Attal and Cornillac head to head in The Snake
by Fabien Lemercier
Opening on 300 French screens this week through Wild Bunch Distribution is thriller The Snake [+see also:
film profile] by Eric Barbier, starring Yvan Attal, Clovis Cornillac and Finnish actress Minna Haapkyla (2003 Shooting Star and recently in Charlie Says [+see also:
Adapted from a novel by British writer Ted Lewis (on which Mike Hodges’ Get Carter was also based), The Snake – a Fidélité, Big World and France 2 Cinéma production – is the third feature by Barbier (1991 Jean Vigo Prize for Le brasier).
Another example of the current vogue of genre films in French production, the title has been sold to several international territories by Wild Bunch. European territories having bought the title include Switzerland, Scandinavia, German-language territories, Greece, Benelux, Romania, Portugal and the former Yugoslavia.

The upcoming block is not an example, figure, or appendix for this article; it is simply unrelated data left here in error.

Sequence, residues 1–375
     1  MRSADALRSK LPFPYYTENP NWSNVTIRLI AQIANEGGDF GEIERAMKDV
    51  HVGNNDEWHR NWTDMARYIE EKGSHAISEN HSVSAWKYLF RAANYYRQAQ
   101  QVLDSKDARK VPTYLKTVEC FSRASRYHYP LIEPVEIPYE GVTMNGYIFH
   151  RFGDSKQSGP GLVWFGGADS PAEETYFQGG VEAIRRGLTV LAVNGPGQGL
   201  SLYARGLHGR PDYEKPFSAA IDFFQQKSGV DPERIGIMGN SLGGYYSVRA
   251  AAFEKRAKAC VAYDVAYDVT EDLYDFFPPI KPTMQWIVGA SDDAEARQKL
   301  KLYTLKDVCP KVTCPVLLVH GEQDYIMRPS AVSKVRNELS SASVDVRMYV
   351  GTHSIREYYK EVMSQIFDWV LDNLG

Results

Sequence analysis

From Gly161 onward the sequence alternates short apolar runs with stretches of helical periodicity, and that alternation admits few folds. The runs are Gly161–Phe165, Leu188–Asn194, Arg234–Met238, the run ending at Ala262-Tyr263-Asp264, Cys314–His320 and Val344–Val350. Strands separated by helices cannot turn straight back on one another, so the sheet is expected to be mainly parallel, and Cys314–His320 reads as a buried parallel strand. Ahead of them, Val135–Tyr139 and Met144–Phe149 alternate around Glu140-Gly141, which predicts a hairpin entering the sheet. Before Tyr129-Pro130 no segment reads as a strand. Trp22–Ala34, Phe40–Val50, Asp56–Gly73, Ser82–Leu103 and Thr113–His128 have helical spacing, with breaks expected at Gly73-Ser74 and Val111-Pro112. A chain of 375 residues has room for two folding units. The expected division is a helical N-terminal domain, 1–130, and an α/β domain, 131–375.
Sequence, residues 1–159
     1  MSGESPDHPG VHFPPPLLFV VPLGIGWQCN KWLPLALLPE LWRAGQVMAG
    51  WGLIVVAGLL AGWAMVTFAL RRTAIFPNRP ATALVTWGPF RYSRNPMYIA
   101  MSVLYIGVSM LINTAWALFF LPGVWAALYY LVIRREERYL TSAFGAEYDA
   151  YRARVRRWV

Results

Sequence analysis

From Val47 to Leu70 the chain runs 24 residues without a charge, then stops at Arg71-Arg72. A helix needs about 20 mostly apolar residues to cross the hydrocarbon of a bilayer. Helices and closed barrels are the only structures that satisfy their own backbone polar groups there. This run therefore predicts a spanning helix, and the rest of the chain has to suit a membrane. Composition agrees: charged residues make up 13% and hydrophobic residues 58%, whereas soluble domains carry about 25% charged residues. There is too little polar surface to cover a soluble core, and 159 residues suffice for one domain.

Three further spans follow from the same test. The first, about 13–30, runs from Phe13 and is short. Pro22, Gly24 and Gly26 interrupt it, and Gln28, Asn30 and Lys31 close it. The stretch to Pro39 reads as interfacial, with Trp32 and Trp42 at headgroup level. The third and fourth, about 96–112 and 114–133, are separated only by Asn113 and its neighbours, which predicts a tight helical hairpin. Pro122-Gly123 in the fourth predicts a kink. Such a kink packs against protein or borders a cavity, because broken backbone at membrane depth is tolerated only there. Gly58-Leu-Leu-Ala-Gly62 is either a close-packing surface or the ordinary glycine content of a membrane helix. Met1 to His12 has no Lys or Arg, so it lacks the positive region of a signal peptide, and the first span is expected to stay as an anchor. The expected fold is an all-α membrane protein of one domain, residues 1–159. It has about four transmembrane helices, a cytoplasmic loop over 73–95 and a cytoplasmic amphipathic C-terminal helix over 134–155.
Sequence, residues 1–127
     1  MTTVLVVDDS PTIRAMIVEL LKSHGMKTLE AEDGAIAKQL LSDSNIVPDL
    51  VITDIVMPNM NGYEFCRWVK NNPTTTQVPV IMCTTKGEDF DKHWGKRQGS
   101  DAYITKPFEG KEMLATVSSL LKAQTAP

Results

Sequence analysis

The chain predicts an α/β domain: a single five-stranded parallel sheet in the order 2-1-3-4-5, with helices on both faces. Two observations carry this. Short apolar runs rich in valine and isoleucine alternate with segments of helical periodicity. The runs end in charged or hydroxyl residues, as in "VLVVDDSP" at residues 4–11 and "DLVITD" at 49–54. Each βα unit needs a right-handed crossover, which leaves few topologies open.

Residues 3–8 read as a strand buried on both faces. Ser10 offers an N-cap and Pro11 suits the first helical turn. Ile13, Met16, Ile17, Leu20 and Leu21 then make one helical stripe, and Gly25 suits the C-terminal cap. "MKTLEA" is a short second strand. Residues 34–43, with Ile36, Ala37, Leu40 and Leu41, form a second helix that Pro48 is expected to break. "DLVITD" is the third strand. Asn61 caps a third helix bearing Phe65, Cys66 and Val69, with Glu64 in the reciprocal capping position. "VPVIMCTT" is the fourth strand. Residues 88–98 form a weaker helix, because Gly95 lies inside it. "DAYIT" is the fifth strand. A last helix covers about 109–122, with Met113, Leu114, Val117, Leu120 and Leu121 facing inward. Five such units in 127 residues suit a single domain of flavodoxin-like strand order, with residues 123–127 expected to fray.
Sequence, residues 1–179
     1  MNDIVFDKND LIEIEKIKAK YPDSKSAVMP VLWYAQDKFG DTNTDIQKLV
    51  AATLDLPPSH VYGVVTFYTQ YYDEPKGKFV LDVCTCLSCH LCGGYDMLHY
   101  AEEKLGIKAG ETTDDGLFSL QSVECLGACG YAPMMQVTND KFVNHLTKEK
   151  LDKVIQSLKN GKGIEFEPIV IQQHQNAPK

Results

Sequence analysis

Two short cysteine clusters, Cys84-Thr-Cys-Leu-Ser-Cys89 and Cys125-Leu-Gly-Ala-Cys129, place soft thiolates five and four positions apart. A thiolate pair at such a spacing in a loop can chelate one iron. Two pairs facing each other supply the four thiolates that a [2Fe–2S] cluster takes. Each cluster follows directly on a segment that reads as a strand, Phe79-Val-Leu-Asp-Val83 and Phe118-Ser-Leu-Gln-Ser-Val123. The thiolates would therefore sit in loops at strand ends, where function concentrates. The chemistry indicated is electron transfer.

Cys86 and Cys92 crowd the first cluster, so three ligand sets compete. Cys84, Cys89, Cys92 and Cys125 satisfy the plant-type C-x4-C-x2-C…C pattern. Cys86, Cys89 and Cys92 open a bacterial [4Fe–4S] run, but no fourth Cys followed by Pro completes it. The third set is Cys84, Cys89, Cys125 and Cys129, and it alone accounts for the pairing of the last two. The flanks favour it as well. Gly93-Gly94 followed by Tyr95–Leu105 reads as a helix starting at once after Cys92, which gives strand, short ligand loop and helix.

Three other French films are opening this Wednesday. Les Films du Losange are releasing Faouzi Bensaïdi’s second feature What a Wonderful World (see news) on 14 screens. A Gloria Films with CNC advances on receipts, the film screened at the 2006 Venice Days.
Meanwhile, Gémini Films are releasing Portuguese/French title Take This Waltz [+see also:
film profile] by Florence Colombani on 10 screens. The debut feature – an Arte France Cinéma co-production featuring Sarah Pratt and Clément Sibony – was selected in the Filmmakers of the Present sidebar at the 2006 Locarno Film Festival.
Other releases today include Anne Feinsilber’s documentary Requiem for Billy the Kid, which opens on two screens through MK2. Produced by Jean-Jacques Beineix for Cargo Films, the title was presented out of competition at Cannes last year.
Critics this week, however, are focusing their attention on two debut European films: 12:08 East of Bucharest [+see also:
interview: Corneliu Porumboiu
interview: Daniel Burlac
film profile] by Romanian helmer Corneliu Porumboiu (Bac Films – 35 prints), which won the Caméra d’Or and Europa Cinema Labels at Cannes last May (see article), and Saimir [+see also:
film profile] by Italy’s Francesco Munzi (Les Films du Paradoxe – 7 prints), Grand Prize winner of the 2005 Annecy Italian Film Festival and a Luigi De Laurentiis Award Special Mention at Venice 2004.
(Translated from French)
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